Portland's Somali-American community leader, the founder and director of the Center for Intercultural Organizing, Kayse Jama, says that the arrest is "a wake-up call" to find "effective and culturally appropriate" means to address some of the "underlying root causes that are contributing to challenges that the Somali youth are facing in this country." The deep-rooted challenges of immigration aside, Jama says Somali-Americans face unique problems as they learn to settle in this country.

"I think that the reality is that as Somali Americans living in this country, we are refugees, Muslims, black and that comes with a lot of social issues. And on top of that, there are these youths who are trying to find their identity and are having an identity crisis," Jama says.

For Mohamud, the identity crisis seems to have gone beyond the normal contradictions of balancing immigrant culture with American culture. Like many Muslim-Americans, he was a practicing Muslim who "occasionally went to the mosque" but at times participated in activities that are contrary to the tenets of the religion. "He's a young guy, you know, he still had fun," Mohamed says. "He still partied, he drank, things like that. So it wasn't like he was like a strict, one-path type of person." Fellow Somali-Americans even considered him to be more American in his behavior, attire and attitudes, than Somali. But for Mohamud, these normal contradictions allegedly obscured a far more serious identity problem.

His friends say they never had any cause to question his behavior, but looking back, some of them wonder why he didn't tell him that, after working two jobs in the summer to support himself at university, he left school in the middle of the term. Or why, after he had promised a friend to room with him in private housing this term, he suddenly decided to live on his own just before the term began, explaining that he was engaged to be married and therefore needed his own space.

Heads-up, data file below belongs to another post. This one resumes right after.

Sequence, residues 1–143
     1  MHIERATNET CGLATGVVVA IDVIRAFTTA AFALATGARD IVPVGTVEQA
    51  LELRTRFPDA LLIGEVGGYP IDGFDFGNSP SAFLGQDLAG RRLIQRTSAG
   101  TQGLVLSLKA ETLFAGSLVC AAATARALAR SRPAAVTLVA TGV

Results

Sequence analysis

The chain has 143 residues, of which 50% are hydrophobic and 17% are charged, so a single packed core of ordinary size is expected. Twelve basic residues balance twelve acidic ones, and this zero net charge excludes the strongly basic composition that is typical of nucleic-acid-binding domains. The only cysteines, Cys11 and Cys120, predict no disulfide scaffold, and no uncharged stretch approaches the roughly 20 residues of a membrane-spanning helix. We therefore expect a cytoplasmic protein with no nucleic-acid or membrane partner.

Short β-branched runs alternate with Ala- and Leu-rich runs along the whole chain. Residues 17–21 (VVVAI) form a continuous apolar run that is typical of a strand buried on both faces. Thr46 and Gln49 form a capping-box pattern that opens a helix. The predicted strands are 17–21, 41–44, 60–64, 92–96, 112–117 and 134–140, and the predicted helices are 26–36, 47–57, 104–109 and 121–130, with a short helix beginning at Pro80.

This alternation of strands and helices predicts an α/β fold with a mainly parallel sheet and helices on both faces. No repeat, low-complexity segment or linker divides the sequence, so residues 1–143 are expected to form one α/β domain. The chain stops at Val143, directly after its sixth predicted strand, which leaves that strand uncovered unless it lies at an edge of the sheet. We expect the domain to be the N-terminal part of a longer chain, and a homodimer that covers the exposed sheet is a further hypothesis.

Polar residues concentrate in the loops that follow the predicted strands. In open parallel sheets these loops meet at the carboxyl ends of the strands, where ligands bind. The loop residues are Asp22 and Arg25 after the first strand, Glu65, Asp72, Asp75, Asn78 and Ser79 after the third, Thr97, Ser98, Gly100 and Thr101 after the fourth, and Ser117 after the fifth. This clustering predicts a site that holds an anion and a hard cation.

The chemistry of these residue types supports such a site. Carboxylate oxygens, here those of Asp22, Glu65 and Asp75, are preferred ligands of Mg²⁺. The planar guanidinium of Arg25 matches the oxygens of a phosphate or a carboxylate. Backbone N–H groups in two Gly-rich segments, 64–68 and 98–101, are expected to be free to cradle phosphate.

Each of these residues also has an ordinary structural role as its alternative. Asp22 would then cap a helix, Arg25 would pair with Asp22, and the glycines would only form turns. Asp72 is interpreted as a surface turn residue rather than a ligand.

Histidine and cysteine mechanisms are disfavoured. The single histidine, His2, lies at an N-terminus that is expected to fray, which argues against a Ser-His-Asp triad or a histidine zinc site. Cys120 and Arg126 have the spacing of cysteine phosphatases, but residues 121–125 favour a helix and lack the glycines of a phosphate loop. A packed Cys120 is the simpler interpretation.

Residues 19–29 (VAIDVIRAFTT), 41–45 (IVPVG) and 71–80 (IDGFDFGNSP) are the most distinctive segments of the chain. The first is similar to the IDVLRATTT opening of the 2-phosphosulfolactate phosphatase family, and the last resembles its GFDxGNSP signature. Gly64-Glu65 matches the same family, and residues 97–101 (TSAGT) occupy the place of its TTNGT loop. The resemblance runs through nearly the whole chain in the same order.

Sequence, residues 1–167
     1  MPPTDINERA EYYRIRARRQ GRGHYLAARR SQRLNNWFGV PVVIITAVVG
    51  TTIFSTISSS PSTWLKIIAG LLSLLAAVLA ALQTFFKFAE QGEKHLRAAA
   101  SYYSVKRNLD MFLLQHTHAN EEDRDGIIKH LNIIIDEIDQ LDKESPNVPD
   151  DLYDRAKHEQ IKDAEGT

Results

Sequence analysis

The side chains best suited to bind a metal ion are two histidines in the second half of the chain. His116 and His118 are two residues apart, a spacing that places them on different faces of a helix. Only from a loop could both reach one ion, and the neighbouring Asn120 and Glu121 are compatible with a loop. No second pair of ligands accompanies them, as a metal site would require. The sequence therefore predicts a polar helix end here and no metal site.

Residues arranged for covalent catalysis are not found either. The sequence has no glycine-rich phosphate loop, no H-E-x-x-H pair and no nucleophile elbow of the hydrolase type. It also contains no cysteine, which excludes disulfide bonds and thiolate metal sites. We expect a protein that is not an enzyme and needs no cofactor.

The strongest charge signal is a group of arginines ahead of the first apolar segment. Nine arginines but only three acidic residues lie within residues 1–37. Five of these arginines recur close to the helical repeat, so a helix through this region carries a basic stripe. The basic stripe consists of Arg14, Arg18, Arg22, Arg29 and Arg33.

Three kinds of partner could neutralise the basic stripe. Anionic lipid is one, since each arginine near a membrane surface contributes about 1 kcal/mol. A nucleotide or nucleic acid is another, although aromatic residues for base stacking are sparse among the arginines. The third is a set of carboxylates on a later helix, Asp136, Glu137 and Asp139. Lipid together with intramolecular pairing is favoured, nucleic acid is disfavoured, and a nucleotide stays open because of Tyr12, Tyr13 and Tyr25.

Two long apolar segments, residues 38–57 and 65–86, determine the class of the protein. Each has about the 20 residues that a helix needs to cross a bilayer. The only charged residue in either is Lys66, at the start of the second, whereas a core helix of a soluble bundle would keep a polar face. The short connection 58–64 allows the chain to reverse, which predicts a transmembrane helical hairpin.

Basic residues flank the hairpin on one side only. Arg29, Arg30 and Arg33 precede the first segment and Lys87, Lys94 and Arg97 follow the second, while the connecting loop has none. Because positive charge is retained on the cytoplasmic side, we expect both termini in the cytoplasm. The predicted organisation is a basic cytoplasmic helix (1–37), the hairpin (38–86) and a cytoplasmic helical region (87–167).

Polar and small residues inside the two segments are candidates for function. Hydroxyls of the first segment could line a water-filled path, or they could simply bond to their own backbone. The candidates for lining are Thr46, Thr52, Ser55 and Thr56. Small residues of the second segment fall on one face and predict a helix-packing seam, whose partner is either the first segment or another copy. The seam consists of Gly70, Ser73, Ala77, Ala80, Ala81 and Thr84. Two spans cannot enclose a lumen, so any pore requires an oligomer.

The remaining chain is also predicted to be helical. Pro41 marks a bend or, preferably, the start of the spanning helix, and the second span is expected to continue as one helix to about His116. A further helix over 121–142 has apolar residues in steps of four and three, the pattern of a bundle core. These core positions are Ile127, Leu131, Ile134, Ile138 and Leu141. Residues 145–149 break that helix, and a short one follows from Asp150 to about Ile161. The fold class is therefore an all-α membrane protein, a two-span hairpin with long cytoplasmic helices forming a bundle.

Perhaps no one second-guessed these things because the tight-knit Somali-American community as a whole never had reason, until now, to feel that one of their own could be "used against" them, as Yussuf says many feel. Mainly because the community is authentically grateful to have been welcomed in the United States. "We the people who came to this country are the peace-loving people. We are happy to be in this country. This is the only country right now we have left for us," Yussuf adds.

Now that he has been arrested, many people, including his lawyer, are considering the possibility that any double life Mohammad Osman might have lived could have been bolstered by a very powerful -- and presumably for a teenager, intimidating -- source: the government itself.

"The information released by the government raises significant concerns about the government manufacturing crime -- or entrapment," his lawyer stated this week. But whether he was brainwashed and intimidated by authority figures or, as the government alleges, he acted on his own, Mohamud has a long road to travel before he can clear his name, if ever.